50 Shades of Grey: ‘Written by someone who hasn’t even seen a pair of handcuffs’

Kay MacIsaac discovered herself a week after she turned 20. Until then she thought she was a lesbian.
She was working as a stripper under the name Bambi Jones when she noticed a man staring at her. He was hypnotizing, so she chased him, she said.
He introduced her to BDSM: bondage, domination, submission/sadism and masochism.
“He showed me who I am and what I enjoy.”
Three years later and MacIsaac is in a different relationship with someone who also enjoys BDSM.
She grew up in a religious family who made it very clear that sex of that kind was wrong, she said.
“All my life I’ve been taught a certain way. I had it in my head that it was wrong.”
MacIsaac is just reading 50 Shades of Grey now. The book by E.L. James has been turned into a movie about a young girl being introduced to BDSM for the first time.
It is a terrible representation of BDSM, she said.
It’s as if it was written by a desperate housewife.
“Written by someone who hasn’t even seen a pair of handcuffs.”
If done properly, with an understanding of safe words and limitations, you figure out how to handle it without harm.
“Consent is the huge thing. If they don’t, I don’t agree.”
She wishes more people would ask her questions so she could explain to them it’s not something that is wrong, she said.
MacIsaac counts herself as a feminist. She takes part in a weekly meeting to talk about how they can empower women.
“There was a whole misunderstanding with the 50 Shades of Grey ordeal. I just wish people were more open about it and actually asked questions.”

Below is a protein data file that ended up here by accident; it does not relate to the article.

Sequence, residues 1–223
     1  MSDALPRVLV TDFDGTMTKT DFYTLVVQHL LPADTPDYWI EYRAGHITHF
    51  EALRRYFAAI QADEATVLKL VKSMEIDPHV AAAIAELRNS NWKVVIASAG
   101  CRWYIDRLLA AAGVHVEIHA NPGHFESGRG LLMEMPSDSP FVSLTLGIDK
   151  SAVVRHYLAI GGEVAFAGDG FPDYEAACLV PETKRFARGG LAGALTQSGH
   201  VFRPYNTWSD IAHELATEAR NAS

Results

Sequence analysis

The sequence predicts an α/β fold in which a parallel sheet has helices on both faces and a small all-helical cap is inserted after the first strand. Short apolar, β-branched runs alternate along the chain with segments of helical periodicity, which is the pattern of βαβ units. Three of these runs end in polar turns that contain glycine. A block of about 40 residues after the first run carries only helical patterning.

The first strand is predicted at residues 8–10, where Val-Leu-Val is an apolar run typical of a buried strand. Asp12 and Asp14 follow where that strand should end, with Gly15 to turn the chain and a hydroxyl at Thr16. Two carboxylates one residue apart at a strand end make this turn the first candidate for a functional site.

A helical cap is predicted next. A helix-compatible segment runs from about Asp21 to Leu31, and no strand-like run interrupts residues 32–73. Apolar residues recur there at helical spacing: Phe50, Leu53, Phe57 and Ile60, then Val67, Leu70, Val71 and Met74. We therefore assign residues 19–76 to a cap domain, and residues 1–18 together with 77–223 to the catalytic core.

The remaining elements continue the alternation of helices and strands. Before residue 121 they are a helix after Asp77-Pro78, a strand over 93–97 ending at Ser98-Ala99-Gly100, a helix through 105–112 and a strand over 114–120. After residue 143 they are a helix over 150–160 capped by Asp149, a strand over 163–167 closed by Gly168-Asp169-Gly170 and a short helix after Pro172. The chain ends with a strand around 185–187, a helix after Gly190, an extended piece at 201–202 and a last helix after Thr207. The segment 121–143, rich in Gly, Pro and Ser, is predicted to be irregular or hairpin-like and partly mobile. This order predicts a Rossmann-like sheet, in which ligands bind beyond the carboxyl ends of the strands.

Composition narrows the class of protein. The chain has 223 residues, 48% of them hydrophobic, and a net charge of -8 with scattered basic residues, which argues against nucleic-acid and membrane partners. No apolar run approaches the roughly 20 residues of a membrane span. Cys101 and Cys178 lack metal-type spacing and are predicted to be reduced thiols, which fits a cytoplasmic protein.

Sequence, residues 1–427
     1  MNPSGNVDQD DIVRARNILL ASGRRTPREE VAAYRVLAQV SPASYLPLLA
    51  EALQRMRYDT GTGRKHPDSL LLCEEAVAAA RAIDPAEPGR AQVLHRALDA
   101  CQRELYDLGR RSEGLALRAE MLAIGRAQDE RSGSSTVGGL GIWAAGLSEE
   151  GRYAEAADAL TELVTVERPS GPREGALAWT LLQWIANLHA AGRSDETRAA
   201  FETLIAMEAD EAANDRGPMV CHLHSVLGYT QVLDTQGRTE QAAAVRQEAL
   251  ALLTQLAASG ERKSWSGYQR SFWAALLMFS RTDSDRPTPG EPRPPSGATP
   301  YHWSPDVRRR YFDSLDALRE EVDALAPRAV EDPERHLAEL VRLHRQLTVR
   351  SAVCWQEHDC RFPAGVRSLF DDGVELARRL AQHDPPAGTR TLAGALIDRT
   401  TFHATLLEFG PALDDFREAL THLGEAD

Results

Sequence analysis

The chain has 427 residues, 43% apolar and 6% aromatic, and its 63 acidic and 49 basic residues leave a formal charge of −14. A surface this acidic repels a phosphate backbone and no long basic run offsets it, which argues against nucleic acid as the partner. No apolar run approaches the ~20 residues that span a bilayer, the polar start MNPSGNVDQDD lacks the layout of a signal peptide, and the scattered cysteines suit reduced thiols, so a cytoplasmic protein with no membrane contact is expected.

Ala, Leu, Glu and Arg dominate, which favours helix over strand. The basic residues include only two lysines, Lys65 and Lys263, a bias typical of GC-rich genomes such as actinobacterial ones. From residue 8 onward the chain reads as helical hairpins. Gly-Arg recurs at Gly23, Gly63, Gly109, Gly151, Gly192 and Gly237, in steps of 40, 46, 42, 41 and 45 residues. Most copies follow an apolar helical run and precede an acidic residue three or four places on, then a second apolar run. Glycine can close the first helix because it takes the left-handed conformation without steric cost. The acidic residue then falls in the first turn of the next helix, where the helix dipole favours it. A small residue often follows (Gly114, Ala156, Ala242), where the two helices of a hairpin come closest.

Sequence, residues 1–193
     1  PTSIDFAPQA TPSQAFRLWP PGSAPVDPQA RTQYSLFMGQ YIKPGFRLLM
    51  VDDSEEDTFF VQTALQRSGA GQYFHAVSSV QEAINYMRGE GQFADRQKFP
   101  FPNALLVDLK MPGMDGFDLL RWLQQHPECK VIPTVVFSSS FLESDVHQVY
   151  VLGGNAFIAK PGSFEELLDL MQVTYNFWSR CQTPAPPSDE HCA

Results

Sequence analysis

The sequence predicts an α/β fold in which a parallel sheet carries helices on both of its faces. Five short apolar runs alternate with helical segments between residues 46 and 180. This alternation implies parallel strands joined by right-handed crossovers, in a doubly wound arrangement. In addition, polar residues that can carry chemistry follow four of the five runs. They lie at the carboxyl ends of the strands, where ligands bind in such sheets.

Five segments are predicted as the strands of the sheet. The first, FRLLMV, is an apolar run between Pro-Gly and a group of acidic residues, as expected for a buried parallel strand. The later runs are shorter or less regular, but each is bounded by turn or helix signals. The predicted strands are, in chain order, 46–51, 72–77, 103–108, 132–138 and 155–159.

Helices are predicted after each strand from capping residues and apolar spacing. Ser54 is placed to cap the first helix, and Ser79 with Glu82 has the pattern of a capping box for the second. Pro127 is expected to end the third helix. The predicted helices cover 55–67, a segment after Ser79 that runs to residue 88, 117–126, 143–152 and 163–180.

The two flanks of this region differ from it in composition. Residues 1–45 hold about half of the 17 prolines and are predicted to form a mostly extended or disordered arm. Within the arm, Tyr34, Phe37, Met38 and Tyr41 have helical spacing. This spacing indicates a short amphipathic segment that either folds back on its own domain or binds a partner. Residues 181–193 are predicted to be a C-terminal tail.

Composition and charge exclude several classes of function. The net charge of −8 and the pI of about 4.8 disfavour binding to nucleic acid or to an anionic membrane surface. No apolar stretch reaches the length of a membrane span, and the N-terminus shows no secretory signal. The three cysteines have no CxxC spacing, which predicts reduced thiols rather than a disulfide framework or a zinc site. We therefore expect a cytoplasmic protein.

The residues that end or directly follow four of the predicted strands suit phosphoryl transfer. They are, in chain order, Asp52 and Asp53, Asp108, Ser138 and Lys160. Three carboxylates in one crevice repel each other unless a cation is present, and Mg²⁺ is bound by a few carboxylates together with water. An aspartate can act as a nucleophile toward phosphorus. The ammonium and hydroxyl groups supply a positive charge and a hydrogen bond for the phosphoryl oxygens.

The problem is the public doesn’t understand BDSM, she said.
They get their information from books like 50 Shades of Grey.
Jillian Kilfoil is also a feminist.
Growing up, she always knew she was one, but when she started to base her school projects around that theme, she was bullied for it.
After presenting a project in Grade 6, she sat down in her seat while a boy yelled at her.
“Shut up and get back in the kitchen.”
At prom she protested and refused to wear a dress. Kilfoil lost friends because of it, but 10 years later they told her they understand why she did it, she said.
“I always asked myself if anyone cared or supported me.”
She is now the executive director of Women’s Network P.E.I. and focuses on equality for everyone, not just women.
P.E.I. needs to work on becoming more open to talking about sex. Schools need to talk about consent and desire, not just reproduction, she said.
“We need to accept that people are having sex.”
Kilfoil hasn’t read or seen 50 Shades of Grey, but she understands it’s a poor portrayal of BDSM.
There needs to be a conversation about desire and consent. There’s a difference between power and control, and sex and
violence, she said.
“Desire can look a lot different for a lot of different people.”

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